Astros vs. Mariners score: Yordan Alvarez hits another clutch homer to give Houston a 2-0 ALDS lead

The Houston Astros defeated the Seattle Mariners 4-2 on Thursday in Game 2 of the American League Division Series. The best-of-five series now sees Houston lead 2-0. Houston’s Yordan Alvarez, the hero of Game 1, once again served as the late-inning hero for the Astros, hitting a two-run, go-ahead home-run in the bottom of the sixth to swing the score from 2-1 in in favor of the Mariners to 3-2 in favor of the Astros.

Take a look:

Here are four things to know about the Astros’ Game 2 win.

1. Yordan delivers again

It was Alvarez who hit the walk-off three-run home run in Game 1, and as mentioned in the introduction, it was Alvarez who turned the tides in Game 2. Seattle starter Luis Castillo and the Mariners had been rolling to that point. , yet whatever momentum they had sustained proved to not matter. Instead, Alvarez became the third player in Division Series history to launch multiple go-ahead home runs in the sixth inning or later, according to’s Andrew Simon:

Alvarez’s blast, for those wondering, traveled 371 feet and had an exit velocity of 103.6 mph, according to Statcast.

Alvarez entered Thursday with a career .291/.396/.496 slash line and four home runs in 35 postseason contests. He added a very important number to that column on Thursday.

The Mariners, presumably tired of getting beat by Alvarez, decided to walk him intentionally in the bottom of the eighth inning. The IBB came with a runner on first and two outs in the inning, meaning Seattle manager Scott Servais violated one of the analytical rules of thumb when it comes to intentional walks: never issue one to advance a runner. Servais and the Mariners would pay for the decision, as Alex Bregman singled in an insurance run.

It didn’t end up mattering (although the Mariners did bring the tying run to the plate on two occasions in the ninth), but it may speak to Servais and company taking a more conservative approach to facing Alvarez heading forward.

2. Castillo, Valdez were sharp

On paper, Luis Castillo and Framber Valdez looked like a potential pitcher’s duel between aces. They may not have traded zeroes throughout the afternoon, but each delivered a solid performance all the same.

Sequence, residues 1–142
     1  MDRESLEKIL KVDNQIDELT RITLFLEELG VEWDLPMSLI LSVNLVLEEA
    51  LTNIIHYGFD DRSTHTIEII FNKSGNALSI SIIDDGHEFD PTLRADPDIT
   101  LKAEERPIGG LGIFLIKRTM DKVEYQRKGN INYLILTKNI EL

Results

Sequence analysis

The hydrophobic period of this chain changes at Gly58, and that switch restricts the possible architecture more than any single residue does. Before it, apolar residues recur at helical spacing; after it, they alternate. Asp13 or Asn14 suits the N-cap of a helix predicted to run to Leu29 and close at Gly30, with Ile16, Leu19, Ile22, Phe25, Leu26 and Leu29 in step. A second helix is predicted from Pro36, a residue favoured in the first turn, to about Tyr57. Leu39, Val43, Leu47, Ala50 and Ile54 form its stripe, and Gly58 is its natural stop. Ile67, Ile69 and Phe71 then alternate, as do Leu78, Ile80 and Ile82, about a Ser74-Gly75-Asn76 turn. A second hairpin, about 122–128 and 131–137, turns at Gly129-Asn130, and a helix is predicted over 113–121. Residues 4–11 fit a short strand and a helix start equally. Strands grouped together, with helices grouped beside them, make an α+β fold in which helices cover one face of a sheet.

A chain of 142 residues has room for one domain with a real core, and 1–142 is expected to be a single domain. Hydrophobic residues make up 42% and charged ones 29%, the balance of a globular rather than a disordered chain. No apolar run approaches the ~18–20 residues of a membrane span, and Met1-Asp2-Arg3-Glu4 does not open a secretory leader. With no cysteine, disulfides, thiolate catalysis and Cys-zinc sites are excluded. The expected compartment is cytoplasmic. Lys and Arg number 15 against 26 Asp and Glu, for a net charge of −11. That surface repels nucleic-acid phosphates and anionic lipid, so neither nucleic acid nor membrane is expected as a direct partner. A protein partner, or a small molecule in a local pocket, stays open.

Castillo was acquired by the Mariners from the Cincinnati Reds at the trade deadline for starters like these. He threw seven innings before giving way to the M’s bullpen, allowing three runs on five hits and no walks. (All three runs scored on home runs, Alvarez’s and a solo shot hit by Kyle Tucker earlier in the game.) Castillo also struck out seven batters and continued to show increased velocity.

Valdez, for his part, exited with two outs in the sixth inning. To that point, he had surrendered two runs (albeit only one earned) on four hits and three walks. Valdez struck out six of the 24 batters he faced.

Combine Castillo and Valdez’s lines and you get the following: 12 2/3 innings, nine hits, five runs (four earned), three walks, and 13 strikeouts.

It’s worth noting that Valdez departed after loading the bases; reliever Hector Neris induced a threat-ending groundout to keep the deficit at one. That proved to be important, both to Valdez’s statline and the game’s outcome, as Alvarez homered in the subsequent half-inning.

3. Houston’s victory reaffirms the series dynamic

The Astros are now firmly in control of the series. According to our Dayne Perry’s research, 144 teams have fallen behind 0-2 in the Division Series, and only 10 have managed to come back and win the series — most recently by the Yankees vs. Cleveland in 2017. Perhaps the Mariners will prove fit for the task — they will host two of the potential three remaining games — but the odds are very much in favor of the Astros advancing to play for the pennant.

4. What’s next

The Mariners and Astros will take Friday off for travel purposes as the series shifts to Seattle. They’ll reconvene on Saturday afternoon to play Game 3, or the first postseason contest to be hosted in Seattle since 2001. Lance McCullers Jr. is scheduled to start for the Astros; he’ll oppose the Mariners’ George Kirby, who will be attempting to force a Game 4.

The series winner will advance to the AL Championship Series, where they will play for the pennant against either the New York Yankees or the Cleveland Guardians. (Game 2 between the Yankees and Guardians was postponed until Friday because of rain.)

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